Greenfield Village

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Greenfield Village

Post by Nando on Wed May 07, 2008 12:34 am

Some shots from my trip to Dearborn Michigan to visit the Henry Ford and Greenfield Village. (In my other life I'm a Ford enthusiast.) I had these negatives lying around for a while and finally decided to scan them. All photos were taken with my Voigtlander Bessa-T with the Voigtlander 35mm f/1.2 Nokton mounted. The film was Kodak Pro 400UC.

An artisan at the Pottery Shop:


In the Armington & Sims Machine Shop:


I'll probably add a few more later. Scanning and processing does take some time.
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Re: Greenfield Village

Post by bjotoole on Wed May 07, 2008 12:39 pm

Great stuff Nando, these look fantastic. They have a real nice overall look to them, which I'm assuming is characteristics of the camera, lens and film used.
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Re: Greenfield Village

Post by Nando on Wed May 07, 2008 1:45 pm

Thanks. The 35mm f/1.2 Nokton is a unique lens and it deserves most of the credit.
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Re: Greenfield Village

Post by Kenneth Armstrong on Wed May 07, 2008 1:52 pm

The first image really does it for me, great use of available light. Great subject. I would love to see more like this.

I think you could make a really good documentary photographer if you put your mind to it.
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Re: Greenfield Village

Post by Nando on Wed May 07, 2008 2:11 pm

Thanks. I limit myself to only shooting available light. It may sound limiting but to me it liberating.

Documentary photographer? I need to figure out what things to document first.
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Re: Greenfield Village

Post by Kenneth Armstrong on Wed May 07, 2008 3:05 pm

I don't think you'd have to look very far. I'd love to see more from this series... get scanning!
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Re: Greenfield Village

Post by Cujo on Wed May 07, 2008 7:22 pm

I'm really digging the 2nd one. I want to know what's behind gauge on the left and right hand sides, looks like some cool machinery back there. Saw some of the others on your Flickr stream as well. Definitely cool stuff.

I've mainly shot all available light as well and is the main reason why I think I like my fast primes so much -- and I am used to manual focus instead of auto.

Definitely a cool series.

As far as documentary photographer, you can document anything. If you have the skills to take the shots and make the subject interesting the possibilities are endless.
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Re: Greenfield Village

Post by Nando on Wed May 07, 2008 10:31 pm

Thanks Ken and Curt.

I think that there's more to documentary photography than just being there and having the technical skills to take well-composed and properly-exposed photographs. It takes lots of time, dedication, and resources to do meaningful job at it. If I'm going to dedicate 5 or more years to a project, I need to choose it carefully. It's like picking a major.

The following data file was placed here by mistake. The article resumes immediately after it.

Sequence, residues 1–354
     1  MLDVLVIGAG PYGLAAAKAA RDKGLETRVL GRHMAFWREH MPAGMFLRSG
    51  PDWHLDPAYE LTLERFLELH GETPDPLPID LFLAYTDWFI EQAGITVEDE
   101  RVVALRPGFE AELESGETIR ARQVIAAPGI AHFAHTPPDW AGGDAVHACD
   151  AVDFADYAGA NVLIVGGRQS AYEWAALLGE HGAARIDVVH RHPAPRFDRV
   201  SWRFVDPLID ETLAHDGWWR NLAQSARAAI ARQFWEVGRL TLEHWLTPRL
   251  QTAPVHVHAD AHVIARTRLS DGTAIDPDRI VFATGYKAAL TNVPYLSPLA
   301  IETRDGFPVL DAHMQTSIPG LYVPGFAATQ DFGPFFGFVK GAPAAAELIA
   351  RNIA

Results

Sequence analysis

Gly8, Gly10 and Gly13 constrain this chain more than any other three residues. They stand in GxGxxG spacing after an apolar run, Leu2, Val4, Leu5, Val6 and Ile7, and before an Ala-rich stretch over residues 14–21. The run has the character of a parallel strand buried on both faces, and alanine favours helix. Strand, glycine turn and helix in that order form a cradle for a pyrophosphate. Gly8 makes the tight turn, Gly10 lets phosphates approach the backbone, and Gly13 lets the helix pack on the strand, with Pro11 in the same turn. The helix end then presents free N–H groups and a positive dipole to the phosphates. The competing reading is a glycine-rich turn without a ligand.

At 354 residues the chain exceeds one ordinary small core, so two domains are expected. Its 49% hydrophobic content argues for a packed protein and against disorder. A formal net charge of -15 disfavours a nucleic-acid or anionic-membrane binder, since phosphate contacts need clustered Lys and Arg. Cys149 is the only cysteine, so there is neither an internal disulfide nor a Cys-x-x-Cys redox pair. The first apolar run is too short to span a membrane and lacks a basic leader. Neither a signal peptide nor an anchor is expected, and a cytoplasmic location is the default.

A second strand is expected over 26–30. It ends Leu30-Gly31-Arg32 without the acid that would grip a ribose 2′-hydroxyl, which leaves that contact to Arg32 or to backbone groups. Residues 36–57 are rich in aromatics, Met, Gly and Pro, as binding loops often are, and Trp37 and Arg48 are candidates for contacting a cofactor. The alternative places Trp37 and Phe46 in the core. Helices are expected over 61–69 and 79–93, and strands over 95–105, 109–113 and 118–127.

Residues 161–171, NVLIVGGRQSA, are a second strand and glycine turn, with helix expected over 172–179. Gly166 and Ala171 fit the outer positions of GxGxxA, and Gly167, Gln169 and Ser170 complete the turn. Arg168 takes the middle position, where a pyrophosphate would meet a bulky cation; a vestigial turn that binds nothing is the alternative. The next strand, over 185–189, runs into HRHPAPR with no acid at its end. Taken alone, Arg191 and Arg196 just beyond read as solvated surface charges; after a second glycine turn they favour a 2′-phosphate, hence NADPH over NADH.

More scanning will probably have to wait until the weekend. My work is eating up a lot of my photography time at the moment.

Curt, if you really like available light, you ought to try an RF. I can hand-hold this 35mm f/1.2 lens at 1/8th, for example, and get acceptable results.With a 50mm, I can go down to 1/15th.

Ken, if I had brought this particular lens to our second meeting instead of the Summicron, you could have shot at 1/125th or 1/60th at f/1.2. Smile
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Re: Greenfield Village

Post by Kenneth Armstrong on Wed May 07, 2008 11:10 pm

Nando wrote:I think that there's more to documentary photography than just being there and having the technical skills to take well-composed and properly-exposed photographs. It takes lots of time, dedication, and resources to do meaningful job at it. If I'm going to dedicate 5 or more years to a project, I need to choose it carefully. It's like picking a major.

That's why I said "if you put your mind to it.
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Re: Greenfield Village

Post by Nando on Sun Jun 01, 2008 6:52 pm

Here are two more photos. These aren't particular good photos but I think good examples of what can be done with Voigtlander 35mm f/1.2 (aka The Beast). When my friend and I got to Firestone Farm (family home of Harvey Firestone of Firestone Tires fame), they had just slaughtered a pig. There were a group of men and women butchering the animal and packing up the meat down in the basement so I went down to take a look. It was extremely dark down there. There were two windows (I think) and perhaps three or four oil burning lamps. These shots are taken wide-open at f1.2, hand-held at 1/8th. The lens was attached to my Bessa-T body. I was also dealing with back-lighting from the windows in these shots. I'm glad that I was able to get something.

The first one is a bit dark. It is best to click on it to see the image at a larger size. I'll probably do some dodging to it later when I have more time.



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Re: Greenfield Village

Post by Kenneth Armstrong on Sun Jun 01, 2008 9:53 pm

I think they're great, especially considering the conditions.
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Re: Greenfield Village

Post by thirdfloorgirl on Thu Jan 22, 2009 10:10 pm

All 4 are beautiful shots Nando. I especially like the second one. The tone of it, and DoF...
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